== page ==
He said this will be shaved off the headline inflation figure once the EDC-recommended measures for the agricultural sector are approved and implemented. 

“The impact of food (to inflation) is 2.4 percent...so that will normalize. Inflation will be cut down by 2.4 percent,” Diokno told reporters when asked what the impact of the measures would be to inflation. 

Inflation hit a nine-year high of 6.4 percent in August, bringing the year-to-date headline inflation to 4.8 percent. This is higher than the government’s target range of two to four percent. Economic managers earlier said rice, fish, vegetable and meat were among the main contributors to inflation during the period. 

With these measures in place, the EDC expects inflation to taper off in the coming months. Diokno said this is expected to normalize in the fourth quarter of this year, and go back within the government’s two to four percent target range by 2019. 

He said the full impact of the measures may be seen by the following month, but some relief should be felt by consumers immediately following the announcement of the measures. 

“The announcement itself will already have an impact on the market,” he said. 

Meanwhile, the budget chief said it is “irresponsible” for critics to describe the increase in prices of consumer goods and services as “runaway” inflation. 

“To me, that’s irresponsible because runaway inflation means no one is in control. Runaway inflation is associated with hyper-inflation where even the central monetary authorities have no handle of what’s going on,” he said.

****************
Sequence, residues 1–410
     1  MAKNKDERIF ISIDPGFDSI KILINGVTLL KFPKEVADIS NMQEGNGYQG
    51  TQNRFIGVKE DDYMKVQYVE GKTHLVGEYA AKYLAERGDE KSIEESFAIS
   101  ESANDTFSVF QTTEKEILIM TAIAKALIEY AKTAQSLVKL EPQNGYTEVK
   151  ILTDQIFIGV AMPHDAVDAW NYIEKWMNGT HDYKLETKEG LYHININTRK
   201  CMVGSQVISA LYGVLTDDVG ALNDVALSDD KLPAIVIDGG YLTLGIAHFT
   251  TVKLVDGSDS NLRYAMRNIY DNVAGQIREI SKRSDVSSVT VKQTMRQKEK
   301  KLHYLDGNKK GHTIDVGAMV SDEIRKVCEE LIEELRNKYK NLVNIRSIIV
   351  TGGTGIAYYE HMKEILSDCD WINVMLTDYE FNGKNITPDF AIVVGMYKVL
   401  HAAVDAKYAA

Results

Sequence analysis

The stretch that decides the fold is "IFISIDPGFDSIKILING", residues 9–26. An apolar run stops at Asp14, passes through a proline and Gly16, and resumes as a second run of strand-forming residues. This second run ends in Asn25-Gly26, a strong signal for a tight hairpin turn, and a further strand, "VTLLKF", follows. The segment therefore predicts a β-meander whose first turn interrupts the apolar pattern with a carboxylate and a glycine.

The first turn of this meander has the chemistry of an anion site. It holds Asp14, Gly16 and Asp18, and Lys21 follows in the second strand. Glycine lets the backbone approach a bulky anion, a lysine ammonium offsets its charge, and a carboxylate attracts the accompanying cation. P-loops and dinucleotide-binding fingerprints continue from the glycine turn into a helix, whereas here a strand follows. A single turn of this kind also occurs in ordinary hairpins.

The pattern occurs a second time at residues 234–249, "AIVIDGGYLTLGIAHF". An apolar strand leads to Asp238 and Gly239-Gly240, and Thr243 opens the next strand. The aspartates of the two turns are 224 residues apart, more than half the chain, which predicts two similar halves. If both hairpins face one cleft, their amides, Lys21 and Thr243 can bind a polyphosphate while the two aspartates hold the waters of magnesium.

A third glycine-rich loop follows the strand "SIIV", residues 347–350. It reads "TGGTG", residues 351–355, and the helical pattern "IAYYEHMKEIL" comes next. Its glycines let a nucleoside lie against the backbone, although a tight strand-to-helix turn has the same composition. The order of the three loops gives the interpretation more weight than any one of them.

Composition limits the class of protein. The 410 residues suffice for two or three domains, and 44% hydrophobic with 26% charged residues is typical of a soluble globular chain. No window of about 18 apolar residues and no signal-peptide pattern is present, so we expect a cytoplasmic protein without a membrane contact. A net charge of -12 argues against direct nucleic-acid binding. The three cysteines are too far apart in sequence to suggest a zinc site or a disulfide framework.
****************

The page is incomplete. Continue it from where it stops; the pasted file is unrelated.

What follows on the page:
“To characterize the August 2018 inflation rate of 6.4 percent as runaway inflation is irresponsible, it’s building a lot of panic in the minds of people. Our central monetary authority is very capable and we have a lot of tools,” he added. 

According to Diokno, the 6.4 percent inflation last August, while elevated, is not a cause for panic yet as the country had experienced higher inflation in the past. 

He said inflation peaked close to 50 percent during the Marcos administration; 21.2 percent during Corazon Aquino’s administration; 13.9 percent during the Ramos administration; 10.7 percent during the Estrada administration; and 10.5 percent during the Arroyo administration.

Finance Secretary Carlos Dominguez, for his part, also said the elevated inflation last August cannot be described as a “major crisis.”

“We are not in a major crisis. It may be a serious problem for some people but for the nation in general, it’s not a major crisis and besides, we have a lot of tools that are available to us,” he said. 

As such, Dominguez said there is no cause for panic, adding that it was decided by the Monetary Board not to hold an off-cycle policy meeting before Sept. 27. 

“It was decided that there will be no off-cycle (Monetary Board meeting)” he said.

NATIONAL ECONOMIC AND DEVELOPMENT AUTHORITY